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There may come a point when you will follow their advice not knowing if it truly is the best advice you can take, because it is their job to know. This advice may only be the best they can offer, based on their training and experience. When you decide not to follow their advice, the circumstance is still the same. Are they offering you advice because they do not see any other way to help you, or will they only help you if you follow their advice?

I used to chase people’s pain without the concrete knowledge that I might actually catch it. Not every technique will work for every single person. I am still in the process of learning new and more advanced techniques. The reason why all techniques do not work will every single person, is simple: everyone is different. I choose to treat people with a variety of techniques. No one has the same time table for healing. Some people have structural imbalances that require me to think differently. I treat people with autoimmune issues different from people who have tired hands from yard work.

Years ago, when I primarily treated muscle pain with trigger point therapy, I found myself being limited by people tolerance to pressure. People always came back with the same issues. I eventually figured out that I was not doing enough to help them. So I started learning different techniques because what I was using was not getting the results I thought my clients deserved. I was chasing the sun and moon.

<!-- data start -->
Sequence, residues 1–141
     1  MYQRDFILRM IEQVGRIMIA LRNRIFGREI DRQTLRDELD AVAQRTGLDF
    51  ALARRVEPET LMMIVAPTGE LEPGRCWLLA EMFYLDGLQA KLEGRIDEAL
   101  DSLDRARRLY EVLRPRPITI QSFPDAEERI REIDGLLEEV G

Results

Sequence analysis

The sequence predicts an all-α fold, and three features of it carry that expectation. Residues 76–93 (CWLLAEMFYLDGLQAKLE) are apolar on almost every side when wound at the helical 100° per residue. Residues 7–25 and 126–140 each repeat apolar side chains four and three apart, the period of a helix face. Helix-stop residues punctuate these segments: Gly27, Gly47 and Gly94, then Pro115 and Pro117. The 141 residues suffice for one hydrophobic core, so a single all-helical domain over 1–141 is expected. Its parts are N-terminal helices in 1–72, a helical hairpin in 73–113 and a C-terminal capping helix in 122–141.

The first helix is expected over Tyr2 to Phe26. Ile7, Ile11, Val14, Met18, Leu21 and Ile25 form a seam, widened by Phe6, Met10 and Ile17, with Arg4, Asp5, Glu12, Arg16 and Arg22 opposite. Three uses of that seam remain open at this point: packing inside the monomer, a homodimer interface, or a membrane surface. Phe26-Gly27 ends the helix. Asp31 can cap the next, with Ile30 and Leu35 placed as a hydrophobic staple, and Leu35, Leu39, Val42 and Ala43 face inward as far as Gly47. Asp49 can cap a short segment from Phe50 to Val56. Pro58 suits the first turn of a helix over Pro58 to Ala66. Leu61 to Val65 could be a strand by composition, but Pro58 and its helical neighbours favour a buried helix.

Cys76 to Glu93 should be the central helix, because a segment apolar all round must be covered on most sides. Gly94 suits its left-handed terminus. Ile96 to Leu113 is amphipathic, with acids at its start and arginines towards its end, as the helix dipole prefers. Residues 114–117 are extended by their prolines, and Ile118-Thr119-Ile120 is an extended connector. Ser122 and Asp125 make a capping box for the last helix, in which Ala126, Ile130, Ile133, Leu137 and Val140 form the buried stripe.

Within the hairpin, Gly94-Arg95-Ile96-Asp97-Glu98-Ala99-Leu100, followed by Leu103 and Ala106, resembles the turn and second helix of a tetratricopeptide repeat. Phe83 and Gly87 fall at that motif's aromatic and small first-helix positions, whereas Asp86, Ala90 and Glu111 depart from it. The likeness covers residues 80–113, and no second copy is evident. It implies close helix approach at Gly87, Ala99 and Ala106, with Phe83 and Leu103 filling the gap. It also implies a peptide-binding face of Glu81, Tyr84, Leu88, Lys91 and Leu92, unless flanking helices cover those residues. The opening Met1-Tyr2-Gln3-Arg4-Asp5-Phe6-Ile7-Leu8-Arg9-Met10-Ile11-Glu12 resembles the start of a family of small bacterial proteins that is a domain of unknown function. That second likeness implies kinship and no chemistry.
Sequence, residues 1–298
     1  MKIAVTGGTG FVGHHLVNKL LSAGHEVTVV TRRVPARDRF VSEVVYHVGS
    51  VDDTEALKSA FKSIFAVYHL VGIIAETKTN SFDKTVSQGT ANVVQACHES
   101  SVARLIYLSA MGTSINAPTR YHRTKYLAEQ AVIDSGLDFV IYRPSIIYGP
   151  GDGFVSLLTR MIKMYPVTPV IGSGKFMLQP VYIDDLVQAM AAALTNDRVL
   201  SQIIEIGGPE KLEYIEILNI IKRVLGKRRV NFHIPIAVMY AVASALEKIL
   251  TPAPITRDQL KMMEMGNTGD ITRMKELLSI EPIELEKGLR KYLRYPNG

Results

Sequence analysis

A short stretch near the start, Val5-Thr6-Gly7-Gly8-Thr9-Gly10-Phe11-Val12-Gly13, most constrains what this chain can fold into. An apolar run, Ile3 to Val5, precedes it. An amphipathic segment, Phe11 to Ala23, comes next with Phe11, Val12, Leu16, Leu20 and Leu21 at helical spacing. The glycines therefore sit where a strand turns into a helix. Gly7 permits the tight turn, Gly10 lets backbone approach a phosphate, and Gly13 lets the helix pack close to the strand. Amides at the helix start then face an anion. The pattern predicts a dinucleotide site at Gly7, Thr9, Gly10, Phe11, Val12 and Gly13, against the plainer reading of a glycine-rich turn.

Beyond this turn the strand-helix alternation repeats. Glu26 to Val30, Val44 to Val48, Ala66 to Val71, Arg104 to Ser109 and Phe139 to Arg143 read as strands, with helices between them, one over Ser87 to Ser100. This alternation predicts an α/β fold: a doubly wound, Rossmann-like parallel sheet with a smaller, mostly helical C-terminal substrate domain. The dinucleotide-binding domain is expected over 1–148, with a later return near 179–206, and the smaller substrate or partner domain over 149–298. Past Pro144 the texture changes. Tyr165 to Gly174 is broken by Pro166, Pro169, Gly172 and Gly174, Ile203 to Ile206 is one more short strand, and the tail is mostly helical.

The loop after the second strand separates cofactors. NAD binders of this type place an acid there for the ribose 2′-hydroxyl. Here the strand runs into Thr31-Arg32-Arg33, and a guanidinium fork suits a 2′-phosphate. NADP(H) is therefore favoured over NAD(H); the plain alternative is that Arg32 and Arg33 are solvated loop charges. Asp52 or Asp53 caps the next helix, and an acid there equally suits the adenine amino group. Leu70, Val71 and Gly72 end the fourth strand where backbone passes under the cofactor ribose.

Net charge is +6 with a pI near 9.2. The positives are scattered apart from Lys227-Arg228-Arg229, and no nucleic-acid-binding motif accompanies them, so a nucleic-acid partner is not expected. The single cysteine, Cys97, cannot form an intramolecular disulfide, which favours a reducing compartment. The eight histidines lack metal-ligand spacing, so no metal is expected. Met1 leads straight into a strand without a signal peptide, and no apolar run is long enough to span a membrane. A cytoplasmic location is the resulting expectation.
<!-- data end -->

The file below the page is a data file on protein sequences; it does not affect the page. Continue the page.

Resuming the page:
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Is your practitioner simply chasing pain, or are they actively trying to eliminate the source of that pain? The variety of techniques I use now all have their uses. It is my job to figure out when to intentionally utilize each one for maximum effectiveness. A pain-chaser will never fully understand why you have the pain, and they are not willing to do what is necessary to help. Pain-chasers do not get to the source of your pain, help you to understand it, or help you to resolve it. I chased pain for the better part of a decade. Worst of all, I didn’t even know it.

Matt Williamson, ART Certified CMT

Basic Meditation

Sitting Postures